the prescriptive easement was established or to provide the
exact parameters of that easement. The Bowens timely
appealed. Neither party challenged the sufficiency of the
trial court's factual findings on appeal.
On appeal, a majority panel of the court of appeals held that
the trial court correctly granted the Judds a prescriptive
easement on the Driveway for access, but not for
parking. Specifically, the court concluded that the
trial court's findings of fact reasonably supported its
conclusion that the Judds' use had been continuous, open,
and adverse for twenty years. Additionally, it held that the
historic parking use the Judds sought could not be
established through prescriptive easement, because the
parking right closely resembles a possessory right that must
be established through an adverse possession
analysis. In deciding this issue, the court of
appeals relied upon this court's precedent in which we
distinguished between rights established through prescription
and adverse possession.
Both parties submitted a petition for certiorari to this
court, which we granted. In their petition, the Bowens
claimed the court of appeals endorsed an incorrect legal
standard for finding prescriptive easements. The Judds argued
that the court of appeals had ventured into uncharted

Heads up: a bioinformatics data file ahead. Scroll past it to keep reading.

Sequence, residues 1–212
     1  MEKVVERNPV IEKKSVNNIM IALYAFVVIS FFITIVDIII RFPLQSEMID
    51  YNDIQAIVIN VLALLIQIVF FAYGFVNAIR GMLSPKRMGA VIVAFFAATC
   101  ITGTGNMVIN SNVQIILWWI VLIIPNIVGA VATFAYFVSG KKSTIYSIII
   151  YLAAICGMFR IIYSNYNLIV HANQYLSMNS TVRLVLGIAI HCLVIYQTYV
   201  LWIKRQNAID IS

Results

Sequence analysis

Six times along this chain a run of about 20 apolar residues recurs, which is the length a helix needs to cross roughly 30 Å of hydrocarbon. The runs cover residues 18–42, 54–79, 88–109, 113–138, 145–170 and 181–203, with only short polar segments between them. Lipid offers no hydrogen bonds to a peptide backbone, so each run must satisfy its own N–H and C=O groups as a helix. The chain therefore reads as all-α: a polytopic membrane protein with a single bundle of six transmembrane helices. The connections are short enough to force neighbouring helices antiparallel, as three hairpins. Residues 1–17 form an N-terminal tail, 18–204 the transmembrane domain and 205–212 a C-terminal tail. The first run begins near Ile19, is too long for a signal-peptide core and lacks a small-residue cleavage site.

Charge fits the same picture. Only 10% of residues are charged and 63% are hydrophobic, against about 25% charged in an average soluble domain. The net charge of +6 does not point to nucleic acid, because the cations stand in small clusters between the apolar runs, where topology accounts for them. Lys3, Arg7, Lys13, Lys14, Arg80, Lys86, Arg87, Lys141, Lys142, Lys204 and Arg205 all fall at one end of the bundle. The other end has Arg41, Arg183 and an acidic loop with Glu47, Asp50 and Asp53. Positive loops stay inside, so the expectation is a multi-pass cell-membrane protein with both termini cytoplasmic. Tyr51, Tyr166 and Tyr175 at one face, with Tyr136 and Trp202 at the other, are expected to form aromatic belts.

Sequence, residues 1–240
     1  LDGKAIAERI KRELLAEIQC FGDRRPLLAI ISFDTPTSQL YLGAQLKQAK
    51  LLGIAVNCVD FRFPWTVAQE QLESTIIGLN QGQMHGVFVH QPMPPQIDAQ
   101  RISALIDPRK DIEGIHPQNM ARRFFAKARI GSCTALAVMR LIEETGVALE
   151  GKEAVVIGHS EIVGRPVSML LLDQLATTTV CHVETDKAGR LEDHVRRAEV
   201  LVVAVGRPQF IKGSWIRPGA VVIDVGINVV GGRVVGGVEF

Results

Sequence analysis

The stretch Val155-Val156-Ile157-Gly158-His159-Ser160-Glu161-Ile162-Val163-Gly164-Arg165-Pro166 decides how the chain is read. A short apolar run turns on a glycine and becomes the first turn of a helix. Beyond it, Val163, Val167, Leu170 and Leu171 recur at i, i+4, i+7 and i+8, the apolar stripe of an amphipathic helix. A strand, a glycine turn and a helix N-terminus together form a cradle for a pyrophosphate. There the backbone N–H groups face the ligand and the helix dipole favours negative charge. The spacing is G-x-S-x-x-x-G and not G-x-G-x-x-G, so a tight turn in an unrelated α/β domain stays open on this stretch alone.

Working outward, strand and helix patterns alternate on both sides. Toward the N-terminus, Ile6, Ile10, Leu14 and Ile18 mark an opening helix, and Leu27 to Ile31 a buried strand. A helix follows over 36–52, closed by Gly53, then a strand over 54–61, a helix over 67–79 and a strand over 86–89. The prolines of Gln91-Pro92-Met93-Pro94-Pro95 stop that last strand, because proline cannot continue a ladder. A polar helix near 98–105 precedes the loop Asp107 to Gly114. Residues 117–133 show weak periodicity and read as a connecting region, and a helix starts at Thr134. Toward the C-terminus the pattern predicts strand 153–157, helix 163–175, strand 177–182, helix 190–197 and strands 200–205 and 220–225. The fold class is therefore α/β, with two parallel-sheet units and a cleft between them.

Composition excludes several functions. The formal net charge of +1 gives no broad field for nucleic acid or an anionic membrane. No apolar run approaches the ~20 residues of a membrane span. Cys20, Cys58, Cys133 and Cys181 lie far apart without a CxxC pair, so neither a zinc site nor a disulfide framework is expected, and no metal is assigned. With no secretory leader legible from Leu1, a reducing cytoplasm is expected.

territory in determining that the parking easement must be
established through adverse possession rather than
prescription. We ultimately granted certiorari to answer what
appeared to be important and unsettled legal questions in the
prescriptive easement arena. We have jurisdiction to hear
this case pursuant to section 78A-3-102(3)(a) of the Utah
We granted certiorari on three issues: (1) whether the court
of appeals erred in its construction and application of the
elements of the legal standard for establishing a
prescriptive easement for access; (2) whether the court of
appeals erred in reversing the trial court's grant of a
prescriptive easement for parking to the Judds; and (3)
whether the court of appeals erred in its ruling concerning
the scope of the easement. "The ultimate determination
of whether an easement exists is a conclusion of law, which
we review for correctness." But such a determination is
"the type of highly fact-dependent question, with
numerous potential fact patterns, which accords the trial
judge a broad measure of discretion when applying the correct
legal standard to the given set of facts." This means an
appellate court should "overturn the finding of an
easement only if [it] find[s] that the trial judge's
decision exceeded the broad discretion
In their petition for certiorari, the Bowens argued that the
court of appeals erred in "affirm[ing] the district
court's use of incorrect legal definitions for the
various elements [of a prescriptive easement] and erroneously
concluded Judd was entitled to a prescriptive easement."
Conversely, the Judds argued that the court of appeals'
pronouncement that "a prescriptive parking easement is
more akin to adverse possession than it is to a prescriptive
access easement" is "the first ruling of [its] kind
in the State of Utah" and requires "better
definition and guidance." They also argued that the
court of appeals erred in curtailing the scope of the access
easement. We granted certiorari to answer what appeared to be
important and unsettled legal questions. Upon further review,
we are unable to answer these questions because the trial
court did not make explicit findings as to the date the
easement was established and its parameters, and the parties
failed to challenge the sufficiency of the trial court's
findings. We ...